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Thursday, August 16, 2012

UNCP cuts the ribbon on its new Health Sciences Building

UNC Pembroke cut the ribbon on the $29 million Health Science Building on Tuesday.

The building is 87,000 square feet and home to UNCP Nursing and Social Work departments and biology labs. It will allow the four-year, licensure nursing program to double in size to 200 students and add a master's degree program.

Ribbon is cut

"It is the largest capital project in university history and the greenest," Chancellor Kyle R. Carter said. "This building is a tremendous asset to our university, the community, region and state. I have no doubt that the nurses and social workers we train here will repay this investment many times over."

Besides being the greenest building – LEED certified silver (Leadership in Energy and Environment Design) – Chancellor Carter said it is a beautiful building with lots of glass providing light and good views. It also has a food court with Pappa John's Pizza and Einstein's Bagel restaurants.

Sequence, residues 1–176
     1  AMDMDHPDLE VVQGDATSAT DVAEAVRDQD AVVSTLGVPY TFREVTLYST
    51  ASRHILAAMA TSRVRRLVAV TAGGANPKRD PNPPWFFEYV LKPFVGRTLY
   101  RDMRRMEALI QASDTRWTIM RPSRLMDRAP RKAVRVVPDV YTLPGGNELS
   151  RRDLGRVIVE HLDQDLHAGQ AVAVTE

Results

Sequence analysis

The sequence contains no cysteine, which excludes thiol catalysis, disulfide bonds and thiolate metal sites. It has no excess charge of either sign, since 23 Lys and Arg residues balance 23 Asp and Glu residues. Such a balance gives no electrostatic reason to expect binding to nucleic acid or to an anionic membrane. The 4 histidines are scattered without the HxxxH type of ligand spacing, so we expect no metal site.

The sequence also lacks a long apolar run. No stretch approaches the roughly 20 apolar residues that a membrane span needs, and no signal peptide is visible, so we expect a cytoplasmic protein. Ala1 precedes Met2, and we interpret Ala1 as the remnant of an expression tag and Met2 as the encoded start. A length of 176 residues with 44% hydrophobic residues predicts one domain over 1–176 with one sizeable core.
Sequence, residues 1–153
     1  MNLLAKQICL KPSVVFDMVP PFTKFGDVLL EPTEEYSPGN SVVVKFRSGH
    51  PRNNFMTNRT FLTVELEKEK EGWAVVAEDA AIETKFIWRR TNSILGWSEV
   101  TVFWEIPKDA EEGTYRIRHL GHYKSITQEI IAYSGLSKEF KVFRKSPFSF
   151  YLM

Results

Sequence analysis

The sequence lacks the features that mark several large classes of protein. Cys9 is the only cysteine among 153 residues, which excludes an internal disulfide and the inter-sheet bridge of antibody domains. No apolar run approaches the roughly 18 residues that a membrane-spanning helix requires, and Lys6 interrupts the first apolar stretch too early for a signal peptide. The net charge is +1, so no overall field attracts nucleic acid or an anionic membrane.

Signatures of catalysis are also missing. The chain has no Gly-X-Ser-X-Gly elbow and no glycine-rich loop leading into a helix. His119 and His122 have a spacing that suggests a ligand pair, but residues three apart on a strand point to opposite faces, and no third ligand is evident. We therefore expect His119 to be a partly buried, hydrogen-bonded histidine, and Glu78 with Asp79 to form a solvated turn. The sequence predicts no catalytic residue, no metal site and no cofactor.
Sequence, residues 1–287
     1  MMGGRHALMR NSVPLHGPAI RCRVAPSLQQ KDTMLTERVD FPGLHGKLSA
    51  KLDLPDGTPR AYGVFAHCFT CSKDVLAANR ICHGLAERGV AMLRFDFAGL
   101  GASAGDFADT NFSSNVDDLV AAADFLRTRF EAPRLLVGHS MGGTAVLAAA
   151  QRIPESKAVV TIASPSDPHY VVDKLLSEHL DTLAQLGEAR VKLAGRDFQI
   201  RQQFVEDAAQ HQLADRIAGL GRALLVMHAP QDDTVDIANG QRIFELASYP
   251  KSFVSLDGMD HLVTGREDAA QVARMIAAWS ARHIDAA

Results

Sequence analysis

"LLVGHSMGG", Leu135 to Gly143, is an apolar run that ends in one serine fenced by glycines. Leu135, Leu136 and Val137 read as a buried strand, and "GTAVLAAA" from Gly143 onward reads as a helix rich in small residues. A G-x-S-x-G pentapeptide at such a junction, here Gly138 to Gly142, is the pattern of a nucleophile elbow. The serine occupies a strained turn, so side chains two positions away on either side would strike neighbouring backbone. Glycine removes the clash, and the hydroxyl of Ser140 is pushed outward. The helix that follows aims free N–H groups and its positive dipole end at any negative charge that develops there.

Aesthetics aside, it is the university's most technologically advanced learning environment, said Dr. Kenneth Kitts, UNCP's provost and vice chancellor for academic affairs.

"This building itself is a work of art, and there is $3 million in technology inside with smart classrooms and seven clinical learning centers," Dr. Kitts said "We have been celebrating the university's 125th anniversary this year; this is the future."

UNCP's licensure program in nursing was established in 2005 in Lumberton on the campus of Southeastern Regional Medical Center. Chancellor Carter thanked former SRMC CEO Luckey Welsh and current CEO Joanne Anderson for their role in launching the program.